Geek Trivia

Johnny Carson Once Made A Joke On The Tonight Show That Led To A Shortage Of?

Light Bulbs
Toilet Paper
Birth Control
Which Computer Technology Derives Its Name From Greek Mythology?

Answer: Toilet Paper

In 1973, a peculiar set of circumstances led to a nationwide shortage of toilet paper in the United States that lasted for weeks and even caused toilet paper companies and stores to ration their reserves. Was it related to an energy crisis, a blight destroying America’s forest lands and paper industry, or even war rationing? It was none of the above that drove the shortage, but a comedy of errors topped off by a joke made by a legitimate comedian instead.

In early December of that year, a Wisconsin congressman, Harold V. Froehlich, released a press statement talking about paper pulp shortages (a problem brought to his attention by his constituents). Although the shortage was not an immediate threat to the toilet paper industry, Froehlich mentioned in the press release, perhaps in a bid to get people outside the paper industry to care about the matter, that America might be facing a toilet paper shortage if the lack of adequate paper pulp supplies wasn’t taken care of.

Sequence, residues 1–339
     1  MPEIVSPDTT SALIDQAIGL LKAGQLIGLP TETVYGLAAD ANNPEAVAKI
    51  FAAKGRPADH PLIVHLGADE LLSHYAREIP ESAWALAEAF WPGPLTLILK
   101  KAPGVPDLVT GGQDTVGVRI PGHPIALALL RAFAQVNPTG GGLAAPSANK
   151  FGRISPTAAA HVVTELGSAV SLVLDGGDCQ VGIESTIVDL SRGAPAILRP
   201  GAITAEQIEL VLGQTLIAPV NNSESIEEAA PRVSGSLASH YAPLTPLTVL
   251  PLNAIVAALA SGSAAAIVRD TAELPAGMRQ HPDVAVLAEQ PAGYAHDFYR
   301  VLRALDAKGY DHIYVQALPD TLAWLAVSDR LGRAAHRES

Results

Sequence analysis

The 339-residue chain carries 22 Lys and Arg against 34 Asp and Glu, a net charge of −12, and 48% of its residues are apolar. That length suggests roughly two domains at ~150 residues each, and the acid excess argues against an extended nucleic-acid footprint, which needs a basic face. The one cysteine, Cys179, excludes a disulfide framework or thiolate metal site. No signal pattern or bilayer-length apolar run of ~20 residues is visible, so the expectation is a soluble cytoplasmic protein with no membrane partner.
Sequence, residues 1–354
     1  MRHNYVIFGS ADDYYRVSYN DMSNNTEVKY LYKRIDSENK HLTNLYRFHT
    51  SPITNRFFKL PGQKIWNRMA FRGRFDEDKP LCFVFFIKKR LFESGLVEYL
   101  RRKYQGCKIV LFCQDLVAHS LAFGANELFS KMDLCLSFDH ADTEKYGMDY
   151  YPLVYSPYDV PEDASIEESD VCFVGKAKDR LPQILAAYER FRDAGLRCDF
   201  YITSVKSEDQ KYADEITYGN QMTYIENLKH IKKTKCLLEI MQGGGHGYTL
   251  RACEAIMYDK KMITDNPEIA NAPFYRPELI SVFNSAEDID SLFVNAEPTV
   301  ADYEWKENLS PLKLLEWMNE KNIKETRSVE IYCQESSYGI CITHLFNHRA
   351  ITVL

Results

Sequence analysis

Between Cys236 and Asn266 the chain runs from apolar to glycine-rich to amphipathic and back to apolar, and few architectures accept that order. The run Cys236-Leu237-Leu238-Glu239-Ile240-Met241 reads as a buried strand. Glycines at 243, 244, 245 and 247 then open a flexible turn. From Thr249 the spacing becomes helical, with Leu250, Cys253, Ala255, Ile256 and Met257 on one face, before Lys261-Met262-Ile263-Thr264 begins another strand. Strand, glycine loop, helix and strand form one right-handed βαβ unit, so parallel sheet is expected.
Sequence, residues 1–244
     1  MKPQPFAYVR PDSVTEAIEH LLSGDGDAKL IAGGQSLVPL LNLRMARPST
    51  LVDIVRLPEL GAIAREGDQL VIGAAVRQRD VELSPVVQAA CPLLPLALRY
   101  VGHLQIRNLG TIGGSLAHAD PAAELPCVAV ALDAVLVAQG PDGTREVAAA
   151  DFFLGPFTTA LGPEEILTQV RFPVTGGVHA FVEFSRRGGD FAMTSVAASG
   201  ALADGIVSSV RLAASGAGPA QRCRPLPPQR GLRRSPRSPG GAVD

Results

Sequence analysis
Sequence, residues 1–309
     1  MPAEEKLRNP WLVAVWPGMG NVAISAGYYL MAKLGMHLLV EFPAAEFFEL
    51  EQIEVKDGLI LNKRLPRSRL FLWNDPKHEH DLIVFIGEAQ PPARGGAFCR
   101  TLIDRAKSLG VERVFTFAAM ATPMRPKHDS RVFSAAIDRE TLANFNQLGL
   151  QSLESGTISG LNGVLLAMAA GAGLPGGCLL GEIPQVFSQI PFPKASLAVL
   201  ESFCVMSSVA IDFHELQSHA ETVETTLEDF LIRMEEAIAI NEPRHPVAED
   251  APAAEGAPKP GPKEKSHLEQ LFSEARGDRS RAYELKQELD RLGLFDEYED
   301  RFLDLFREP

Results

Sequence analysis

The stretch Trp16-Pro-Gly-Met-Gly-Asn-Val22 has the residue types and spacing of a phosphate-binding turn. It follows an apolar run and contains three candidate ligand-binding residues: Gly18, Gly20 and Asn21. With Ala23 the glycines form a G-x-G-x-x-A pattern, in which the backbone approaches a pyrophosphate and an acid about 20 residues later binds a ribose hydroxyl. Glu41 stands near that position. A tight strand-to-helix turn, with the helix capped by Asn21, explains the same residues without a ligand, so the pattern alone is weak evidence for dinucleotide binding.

The Tonight Show staff saw the press release and the specter of a toilet paper shortage was incorporated into a brief Tonight Show joke. A few days after the press release, Carson quipped, “You know, we’ve got all sorts of shortages these days. But have you heard the latest? I’m not kidding. I saw it in the paper. There’s a shortage of toilet paper.”

Given the national climate at the time and the real shortages that many consumers faced, the joke wasn’t received as such, but was instead taken quite literally at face value. Consumers panicked and there was a national run on toilet paper. In the coming days, worried consumers cleared the shelves of stores coast-to-coast so rapidly that they outpaced toilet paper production schedules and the companies themselves were left rationing their stock.

A few weeks after the joke had gotten out of hand, Carson apologized on air for the panic the quip had caused and, since then, the incident has been used to demonstrate how quickly a rumor can start and escalate out of control.